A person who is blind and uses a service dog wants to take a taxi, but the taxi driver’s religious beliefs lead him to not allow dogs in his car. A marriage commissioner refuses to perform a marriage ceremony for a same-sex couple, because it would be contrary to her religious beliefs.
What do we do in cases like these, when rights related to one Code ground seem to conflict with those of another ground? The OHRC is doing some policy work to find answers.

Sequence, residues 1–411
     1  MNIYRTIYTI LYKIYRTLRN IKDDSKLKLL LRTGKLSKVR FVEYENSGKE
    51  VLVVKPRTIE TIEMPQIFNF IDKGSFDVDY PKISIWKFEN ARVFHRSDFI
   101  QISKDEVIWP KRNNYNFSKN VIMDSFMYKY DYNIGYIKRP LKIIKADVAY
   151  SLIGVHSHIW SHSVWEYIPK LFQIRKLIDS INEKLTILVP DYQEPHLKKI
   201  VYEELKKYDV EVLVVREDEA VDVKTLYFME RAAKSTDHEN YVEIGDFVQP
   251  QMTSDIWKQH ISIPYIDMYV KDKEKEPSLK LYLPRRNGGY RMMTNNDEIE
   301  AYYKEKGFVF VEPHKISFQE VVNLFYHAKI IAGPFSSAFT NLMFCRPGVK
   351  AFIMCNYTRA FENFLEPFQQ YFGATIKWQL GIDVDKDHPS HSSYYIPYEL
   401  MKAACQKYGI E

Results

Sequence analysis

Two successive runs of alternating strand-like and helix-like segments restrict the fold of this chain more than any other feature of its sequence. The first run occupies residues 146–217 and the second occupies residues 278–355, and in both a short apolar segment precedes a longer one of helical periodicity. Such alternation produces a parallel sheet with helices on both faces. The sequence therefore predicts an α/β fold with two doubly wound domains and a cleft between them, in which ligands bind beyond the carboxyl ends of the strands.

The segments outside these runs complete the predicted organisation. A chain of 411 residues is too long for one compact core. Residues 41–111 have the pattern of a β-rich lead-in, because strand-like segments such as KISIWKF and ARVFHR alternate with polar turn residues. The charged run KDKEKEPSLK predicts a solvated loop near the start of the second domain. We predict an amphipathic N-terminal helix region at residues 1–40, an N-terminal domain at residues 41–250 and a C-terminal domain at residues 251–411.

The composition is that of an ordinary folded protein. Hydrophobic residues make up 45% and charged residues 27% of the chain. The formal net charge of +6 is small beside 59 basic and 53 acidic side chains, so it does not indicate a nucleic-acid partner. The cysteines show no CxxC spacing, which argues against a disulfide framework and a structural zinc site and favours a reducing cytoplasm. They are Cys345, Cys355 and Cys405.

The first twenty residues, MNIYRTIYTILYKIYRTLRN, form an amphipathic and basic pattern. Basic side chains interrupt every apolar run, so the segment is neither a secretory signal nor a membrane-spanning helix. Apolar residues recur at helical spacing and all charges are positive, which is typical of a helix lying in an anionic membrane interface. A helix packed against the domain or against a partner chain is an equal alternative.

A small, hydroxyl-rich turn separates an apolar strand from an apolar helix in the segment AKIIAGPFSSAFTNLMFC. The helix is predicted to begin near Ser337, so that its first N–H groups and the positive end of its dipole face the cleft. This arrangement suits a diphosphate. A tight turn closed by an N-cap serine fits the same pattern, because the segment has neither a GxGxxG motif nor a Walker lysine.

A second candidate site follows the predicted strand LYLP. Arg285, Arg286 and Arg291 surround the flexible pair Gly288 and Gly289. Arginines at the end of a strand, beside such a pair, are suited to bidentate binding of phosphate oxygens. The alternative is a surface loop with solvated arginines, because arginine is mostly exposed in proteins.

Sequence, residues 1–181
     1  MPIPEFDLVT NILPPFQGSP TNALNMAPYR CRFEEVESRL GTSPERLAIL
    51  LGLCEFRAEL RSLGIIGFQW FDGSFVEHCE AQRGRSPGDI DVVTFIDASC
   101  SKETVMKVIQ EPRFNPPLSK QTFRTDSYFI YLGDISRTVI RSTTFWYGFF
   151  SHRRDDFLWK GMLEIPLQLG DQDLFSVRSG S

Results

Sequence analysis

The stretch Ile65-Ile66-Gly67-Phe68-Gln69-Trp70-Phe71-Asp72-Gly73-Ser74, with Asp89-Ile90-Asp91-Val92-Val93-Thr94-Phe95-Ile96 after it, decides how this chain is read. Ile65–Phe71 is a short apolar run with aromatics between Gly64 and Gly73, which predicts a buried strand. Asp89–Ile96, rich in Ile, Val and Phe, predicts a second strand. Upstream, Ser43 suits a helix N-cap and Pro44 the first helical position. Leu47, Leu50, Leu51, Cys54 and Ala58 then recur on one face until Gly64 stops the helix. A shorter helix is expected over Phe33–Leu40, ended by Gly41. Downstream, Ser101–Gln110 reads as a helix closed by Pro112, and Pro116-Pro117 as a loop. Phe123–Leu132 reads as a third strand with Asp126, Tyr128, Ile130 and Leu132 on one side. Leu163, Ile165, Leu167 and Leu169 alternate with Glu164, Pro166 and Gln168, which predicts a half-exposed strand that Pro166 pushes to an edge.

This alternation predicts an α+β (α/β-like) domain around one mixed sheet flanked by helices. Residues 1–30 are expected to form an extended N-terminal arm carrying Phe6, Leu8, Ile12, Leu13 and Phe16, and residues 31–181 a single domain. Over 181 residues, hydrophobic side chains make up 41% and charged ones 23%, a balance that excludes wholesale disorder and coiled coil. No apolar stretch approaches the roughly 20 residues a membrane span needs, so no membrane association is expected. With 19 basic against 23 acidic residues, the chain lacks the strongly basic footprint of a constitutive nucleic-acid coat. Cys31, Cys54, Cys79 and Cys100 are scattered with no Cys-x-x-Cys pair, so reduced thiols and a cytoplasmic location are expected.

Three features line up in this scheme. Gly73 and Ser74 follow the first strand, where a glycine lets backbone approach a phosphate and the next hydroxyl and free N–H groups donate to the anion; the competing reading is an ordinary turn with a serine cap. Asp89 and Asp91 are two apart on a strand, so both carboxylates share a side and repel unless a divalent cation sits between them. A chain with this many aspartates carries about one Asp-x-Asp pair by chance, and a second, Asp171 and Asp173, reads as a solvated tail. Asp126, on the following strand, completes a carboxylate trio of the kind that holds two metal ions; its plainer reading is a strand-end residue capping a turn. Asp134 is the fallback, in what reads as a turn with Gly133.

In March 2010, the OHRC held a Policy Dialogue on Competing Human Rights Claims in partnership with the York University Centre for Public Policy and the Law. Community and advocacy groups joined academics, lawyers and policy makers to discuss what competing human rights claims look like and how they may be handled to maximize the human rights of all involved.
The Dialogue papers are being printed for distribution in the coming year. The OHRC will use the ideas generated at the Policy Dialogue to help develop policy that is consistent with case law and accepted best practices, on ways to address competing claims.